You know how the greats always make it look easy? This is the way I feel whenever I get to listen to Katie Ray or Tom Newkirk — they say something clear and simple and beautiful and even common sense, but it absolutely rocks my world.
So it was when I read Dan Feigelson’s Reading Projects Reimagined (Heinemann 2015). After hearing Feigelson speak at NCTE about “revising” reading and his “quick and dirty reading projects”, I knew I had found a strategy for my second semester literature focus. And, quite possibly, a road into student writing about literature. And after digging into the book over winter break, my teaching world was rocked by the book’s simplicity and brilliance.
60-Second Book Review
Fear not — Feigelson’s “reading projects” are not rendered on poster board or as dioramas (which was my initial fear upon reading the title). It is so much more intuitive and authentic than that. A reading project is simply a written record of “what the student wants to think about”. And as we encourage students to pursue those lines of thought, we make them “co-conspirators in their own comprehension.”
Why haven’t I already thought of this?
Feigelson presents a simple three-step process:
- Students notice an idea that they are developing about the text
- They keep track of that idea (in consultation with the teacher)
- They reflect on what they have learned and how their initial idea has grown or changed.
The teacher, likewise, follows a three-step process in conferring with student readers:
- Names what the student is noticing (ideally, it’s an idea that might transcend the single text)
- Gives the student a project (what to keep track of and a system to keep track)
- Chooses a due date.
It’s really that simple.
The “project” itself emerges as some kind of informal writing — some jottings, a list, a chart, a diagram. Nothing to spend hours grading. Nothing formal and polished and sweated over. Just evidence of continuous, intentional thinking on paper.
After laying out the basic steps of student-led reading projects, Feigelson spends loads of time giving student examples and letting us eavesdrop on conferences with both younger and older students (usually 4th/5th grades and 7th/8th graders respectively) to see how this very simple system works in real student contexts.
My Big Writing Takeaways
A middle-grades book about reading might not seem like the typical ground to mine for ideas on writing instruction. And yet, one of the biggest, most pervasive expectations of secondary English teachers is that their students will write about their reading, specifically literature.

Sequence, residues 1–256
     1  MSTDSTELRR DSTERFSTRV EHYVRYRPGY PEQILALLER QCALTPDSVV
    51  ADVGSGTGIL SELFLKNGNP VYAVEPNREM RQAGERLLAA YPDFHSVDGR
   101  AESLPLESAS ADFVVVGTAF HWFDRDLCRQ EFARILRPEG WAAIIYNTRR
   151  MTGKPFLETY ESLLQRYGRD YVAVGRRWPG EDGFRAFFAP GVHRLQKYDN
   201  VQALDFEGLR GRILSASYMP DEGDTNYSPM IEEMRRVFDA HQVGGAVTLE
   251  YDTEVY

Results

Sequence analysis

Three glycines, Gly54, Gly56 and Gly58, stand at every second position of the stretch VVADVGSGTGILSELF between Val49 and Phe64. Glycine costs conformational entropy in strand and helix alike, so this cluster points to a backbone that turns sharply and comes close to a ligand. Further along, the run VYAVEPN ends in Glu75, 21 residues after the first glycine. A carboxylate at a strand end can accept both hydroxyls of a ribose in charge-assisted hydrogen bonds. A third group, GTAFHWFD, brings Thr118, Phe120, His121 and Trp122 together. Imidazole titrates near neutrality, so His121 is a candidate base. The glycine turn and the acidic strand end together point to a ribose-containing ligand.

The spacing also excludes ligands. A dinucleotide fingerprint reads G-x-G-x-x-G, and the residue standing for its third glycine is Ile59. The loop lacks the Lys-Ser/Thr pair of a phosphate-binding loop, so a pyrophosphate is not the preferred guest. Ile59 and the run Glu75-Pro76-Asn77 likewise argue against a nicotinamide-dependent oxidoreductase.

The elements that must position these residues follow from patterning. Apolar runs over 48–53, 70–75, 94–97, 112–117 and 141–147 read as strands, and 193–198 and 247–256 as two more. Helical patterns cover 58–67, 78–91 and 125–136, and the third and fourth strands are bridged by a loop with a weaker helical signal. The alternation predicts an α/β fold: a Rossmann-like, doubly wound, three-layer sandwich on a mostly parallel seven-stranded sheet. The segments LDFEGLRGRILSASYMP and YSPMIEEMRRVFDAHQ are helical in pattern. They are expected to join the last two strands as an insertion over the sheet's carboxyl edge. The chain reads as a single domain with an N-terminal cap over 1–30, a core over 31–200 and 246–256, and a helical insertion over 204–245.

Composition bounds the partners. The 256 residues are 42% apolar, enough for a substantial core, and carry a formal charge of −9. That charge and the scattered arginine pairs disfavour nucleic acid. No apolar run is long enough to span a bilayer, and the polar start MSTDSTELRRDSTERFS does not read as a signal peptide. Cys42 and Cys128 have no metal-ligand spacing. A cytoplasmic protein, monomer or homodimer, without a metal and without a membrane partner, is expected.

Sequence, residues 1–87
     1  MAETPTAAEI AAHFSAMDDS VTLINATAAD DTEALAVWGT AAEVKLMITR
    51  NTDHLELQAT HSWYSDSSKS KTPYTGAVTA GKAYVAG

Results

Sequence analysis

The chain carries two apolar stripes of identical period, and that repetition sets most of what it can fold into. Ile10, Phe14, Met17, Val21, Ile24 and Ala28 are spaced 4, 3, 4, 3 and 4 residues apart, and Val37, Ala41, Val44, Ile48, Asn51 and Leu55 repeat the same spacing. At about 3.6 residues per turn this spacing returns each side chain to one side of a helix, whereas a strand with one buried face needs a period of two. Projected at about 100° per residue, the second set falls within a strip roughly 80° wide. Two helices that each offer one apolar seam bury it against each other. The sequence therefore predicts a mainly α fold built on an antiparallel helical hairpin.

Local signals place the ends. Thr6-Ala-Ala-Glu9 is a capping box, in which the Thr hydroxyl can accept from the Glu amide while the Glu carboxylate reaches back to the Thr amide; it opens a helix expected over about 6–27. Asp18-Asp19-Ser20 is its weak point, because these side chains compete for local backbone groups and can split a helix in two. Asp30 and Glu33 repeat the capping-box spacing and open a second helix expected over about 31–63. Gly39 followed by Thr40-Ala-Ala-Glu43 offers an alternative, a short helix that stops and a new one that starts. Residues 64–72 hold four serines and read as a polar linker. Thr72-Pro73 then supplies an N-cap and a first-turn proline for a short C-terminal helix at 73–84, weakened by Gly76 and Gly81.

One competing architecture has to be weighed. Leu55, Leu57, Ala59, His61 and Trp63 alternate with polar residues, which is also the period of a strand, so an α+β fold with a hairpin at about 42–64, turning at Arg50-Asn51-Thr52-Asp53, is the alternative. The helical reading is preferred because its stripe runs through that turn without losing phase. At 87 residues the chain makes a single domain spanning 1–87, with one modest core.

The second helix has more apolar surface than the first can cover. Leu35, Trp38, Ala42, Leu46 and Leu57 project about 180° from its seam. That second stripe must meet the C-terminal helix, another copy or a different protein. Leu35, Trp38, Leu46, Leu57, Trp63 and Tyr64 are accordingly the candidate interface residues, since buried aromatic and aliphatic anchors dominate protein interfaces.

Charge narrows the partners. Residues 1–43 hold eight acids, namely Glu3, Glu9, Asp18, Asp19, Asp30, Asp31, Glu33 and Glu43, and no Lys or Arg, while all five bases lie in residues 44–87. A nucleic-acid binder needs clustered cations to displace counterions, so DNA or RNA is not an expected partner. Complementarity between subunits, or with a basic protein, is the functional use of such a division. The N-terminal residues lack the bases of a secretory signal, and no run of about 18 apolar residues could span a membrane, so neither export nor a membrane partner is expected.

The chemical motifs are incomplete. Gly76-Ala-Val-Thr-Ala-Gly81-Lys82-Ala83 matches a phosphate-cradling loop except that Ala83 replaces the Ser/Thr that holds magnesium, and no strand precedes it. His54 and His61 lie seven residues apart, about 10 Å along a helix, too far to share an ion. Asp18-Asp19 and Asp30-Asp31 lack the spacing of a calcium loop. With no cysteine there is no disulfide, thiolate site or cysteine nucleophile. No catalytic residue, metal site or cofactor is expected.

But what should they be writing about? Do we really need another essay about who is most responsible for the deaths of Romeo and Juliet? Creon as a tragic hero? Lennie and George pursuing the American Dream?
Independent reading projects are a brilliant and authentic way to help students annotate meaningfully, assess and track their thinking, and then report their findings about a piece of literature. And it ensures that we don’t read 150 identical papers.
This could be used as a way into writing for whole class reading, small-group literature circles, and in independent reading — a place where teachers often struggle to find authentic and efficient modes of assessment.
How I Hope to Use It
In my Reading Writing Workshop 9, we use second semester to focus on whole-class and literature-circle reading (with writing workshop blitzes interspersed here and there focused on authentic analytical writing). We just began reading The Catcher in the Rye, and while the students are reading they are tracking their thoughts, their interests, and the elements that draw them into the text. I have conferred with each student to help them find a reading project.
These reading projects will be used in class discussion of the novel and, hopefully, used to help students find ideas for their analytical writing about the text. For example, if one of my students chooses to track Holden’s controversial use of language and shady teenage behavior, she might use this information as fuel to write a defense or a take-down of the book based on its offensive content in the style of The New York Times’ Room for Debate series on language in Huckleberry Finn.
If this goes as well as I hope it will, I will use independent reading projects for our remaining whole-class and small group texts of the year.
Should You Buy the Book?
I really enjoyed this practical little book. It’s slim, easily digestible in a few sittings, and full of resources, sample conferences, and helpful tips. While a colleague could pretty quickly explain the process to you, you will want this book to sit on the corner of your desk — ready to grab in the throes of a reading conference for a quick reference or handy tip. To solve the perennial problem of what students should do while they read, this is a must-buy.